9) Price and online incentives: The price of a paper copy New 52 comic is the same as it is with the digital copy. The digital copy has no enhanced features. Why not? DC is missing out on a huge online opportunity: Incentives for digital comics could be online content like official character websites, commentary, videos, etc. Senior level direction is needed to map out where everything is in terms of the characters’ bios. Online charts and maps should be provided to help new readers understand what is going on, draw them in and appreciate any character’s rich history. 

Conclusion:

 There has to be one pure version of the property, and looking at this from a branding perspective, the property is still muddled. The standalone, independent business model that superhero companies are following is a bad idea. Their properties must be cross-referenced and cross compatible for all mediums, and whichever company has the guts to carry out this properly will win in the long run.

 

GEO

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DC’s Digital and Print New 52: The Game Changer

DC  Comics unveiled this Wednesday their reimagined universe with Justice League #1, (written by Geoff Johns and drawn by Jim Lee and Scott Williams). This isn’t an ordinary reboot per se.

Variant cover to Justice League #1 by David Finch

Rather it’s the next evolution for comic books.  As every comic book fan knows, on August 31, 2011 DC simultaneously released print copies of Justice League #1 and digital downloads of the same issue. While comic book shops received their copies on Tuesday, they weren’t allowed to put them up on shelves until their stores opened the next day. With the digital downloads, however, they were ready for consumers at 12 am  midnight on Wednesday.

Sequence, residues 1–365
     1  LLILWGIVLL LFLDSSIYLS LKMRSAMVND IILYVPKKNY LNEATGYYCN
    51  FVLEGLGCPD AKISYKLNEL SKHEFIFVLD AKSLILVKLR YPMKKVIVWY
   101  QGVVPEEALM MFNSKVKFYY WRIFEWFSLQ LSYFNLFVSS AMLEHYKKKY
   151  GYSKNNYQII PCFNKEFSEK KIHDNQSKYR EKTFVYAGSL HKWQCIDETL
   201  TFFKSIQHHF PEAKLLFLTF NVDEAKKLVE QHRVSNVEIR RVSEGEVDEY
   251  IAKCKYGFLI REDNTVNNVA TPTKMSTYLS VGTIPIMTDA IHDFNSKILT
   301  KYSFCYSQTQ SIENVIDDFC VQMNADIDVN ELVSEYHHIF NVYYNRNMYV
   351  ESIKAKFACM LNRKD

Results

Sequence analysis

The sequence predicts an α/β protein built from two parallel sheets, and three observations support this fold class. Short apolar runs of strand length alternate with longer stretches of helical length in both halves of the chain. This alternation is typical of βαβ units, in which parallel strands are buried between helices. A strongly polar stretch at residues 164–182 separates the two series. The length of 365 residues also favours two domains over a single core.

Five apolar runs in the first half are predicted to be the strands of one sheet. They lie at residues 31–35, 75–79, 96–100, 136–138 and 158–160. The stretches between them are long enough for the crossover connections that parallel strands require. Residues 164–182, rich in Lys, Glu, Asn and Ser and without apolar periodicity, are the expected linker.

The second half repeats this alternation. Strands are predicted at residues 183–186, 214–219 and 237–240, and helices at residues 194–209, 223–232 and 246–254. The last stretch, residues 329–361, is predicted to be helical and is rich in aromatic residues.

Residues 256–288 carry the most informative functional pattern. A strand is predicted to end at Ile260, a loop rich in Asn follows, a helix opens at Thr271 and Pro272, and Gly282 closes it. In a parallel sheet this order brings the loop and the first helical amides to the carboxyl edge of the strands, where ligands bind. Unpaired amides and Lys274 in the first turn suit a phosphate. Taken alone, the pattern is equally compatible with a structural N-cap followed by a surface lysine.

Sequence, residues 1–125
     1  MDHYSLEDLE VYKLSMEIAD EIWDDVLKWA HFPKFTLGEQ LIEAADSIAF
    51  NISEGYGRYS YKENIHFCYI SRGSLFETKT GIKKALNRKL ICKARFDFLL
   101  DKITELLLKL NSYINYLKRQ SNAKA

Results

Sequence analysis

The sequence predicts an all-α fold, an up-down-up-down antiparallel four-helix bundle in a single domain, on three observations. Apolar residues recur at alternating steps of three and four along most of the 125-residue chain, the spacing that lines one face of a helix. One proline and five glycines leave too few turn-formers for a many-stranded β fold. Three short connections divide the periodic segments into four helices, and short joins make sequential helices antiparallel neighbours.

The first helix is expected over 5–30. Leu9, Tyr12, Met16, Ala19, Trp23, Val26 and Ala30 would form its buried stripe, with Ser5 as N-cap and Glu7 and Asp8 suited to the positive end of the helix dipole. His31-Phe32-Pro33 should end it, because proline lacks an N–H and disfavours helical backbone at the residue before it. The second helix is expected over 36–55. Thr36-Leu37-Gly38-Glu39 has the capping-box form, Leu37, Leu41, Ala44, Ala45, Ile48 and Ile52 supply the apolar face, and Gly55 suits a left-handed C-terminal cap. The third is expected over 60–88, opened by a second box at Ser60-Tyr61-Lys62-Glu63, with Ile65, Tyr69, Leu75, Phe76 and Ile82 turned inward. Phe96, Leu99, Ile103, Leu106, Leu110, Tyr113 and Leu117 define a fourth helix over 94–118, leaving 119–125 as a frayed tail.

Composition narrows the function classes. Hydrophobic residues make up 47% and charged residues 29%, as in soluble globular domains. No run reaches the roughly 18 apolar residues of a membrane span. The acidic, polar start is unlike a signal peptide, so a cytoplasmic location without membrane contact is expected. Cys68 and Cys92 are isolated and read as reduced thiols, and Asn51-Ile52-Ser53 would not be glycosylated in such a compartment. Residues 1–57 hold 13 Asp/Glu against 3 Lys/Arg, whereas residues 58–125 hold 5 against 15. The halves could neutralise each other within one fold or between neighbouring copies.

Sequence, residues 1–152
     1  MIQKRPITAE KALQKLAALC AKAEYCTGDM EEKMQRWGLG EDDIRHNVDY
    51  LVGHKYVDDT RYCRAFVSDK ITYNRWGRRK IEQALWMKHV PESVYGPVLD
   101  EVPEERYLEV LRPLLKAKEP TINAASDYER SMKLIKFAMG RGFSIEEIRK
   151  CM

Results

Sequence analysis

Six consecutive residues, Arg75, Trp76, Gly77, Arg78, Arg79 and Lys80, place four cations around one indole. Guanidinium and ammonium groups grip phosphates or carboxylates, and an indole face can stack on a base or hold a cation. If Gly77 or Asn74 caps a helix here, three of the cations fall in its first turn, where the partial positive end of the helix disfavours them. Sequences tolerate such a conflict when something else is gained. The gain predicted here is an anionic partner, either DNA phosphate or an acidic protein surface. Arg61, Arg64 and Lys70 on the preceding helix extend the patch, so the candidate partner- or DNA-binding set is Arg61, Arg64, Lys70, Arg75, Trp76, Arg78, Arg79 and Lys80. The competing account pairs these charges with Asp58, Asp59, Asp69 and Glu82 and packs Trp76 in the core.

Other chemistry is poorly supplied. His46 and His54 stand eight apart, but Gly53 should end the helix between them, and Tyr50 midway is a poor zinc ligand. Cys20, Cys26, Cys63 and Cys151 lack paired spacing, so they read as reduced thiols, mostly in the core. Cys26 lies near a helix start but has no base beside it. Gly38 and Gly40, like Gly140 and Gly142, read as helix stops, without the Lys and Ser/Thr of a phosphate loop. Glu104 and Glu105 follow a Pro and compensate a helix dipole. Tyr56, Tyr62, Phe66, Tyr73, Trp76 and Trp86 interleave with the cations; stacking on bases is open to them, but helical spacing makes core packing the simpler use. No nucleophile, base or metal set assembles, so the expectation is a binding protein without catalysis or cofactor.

That already is one plus side for downloads and in theory this means that everyone, anywhere with Internet connections can get a copy of their favorite comic book.  If you lived in big cities like New York that have many comic book stores it’s fairly easy to find any kind of comic book. But if you live in small towns, often you’d have to travel many miles scouring the landscape for a new release and hoping that the small store you find still has a copy of the release. That is if they even carried it in the first place.

Upcoming Detective Comics #1, Cover by Tony S. Daniel

This could spell trouble for comic book stores. But if they’re smart they can re-tool their business model and possibly gear their stores more to sell merchandise based on the comic books. That’s just one idea. Either way, they need to adapt or go the way of travel agencies and record stores that were decimated by travel websites and iTunes. But for fans and publishers, digital downloads are the way to go. But it’s not without its drawbacks.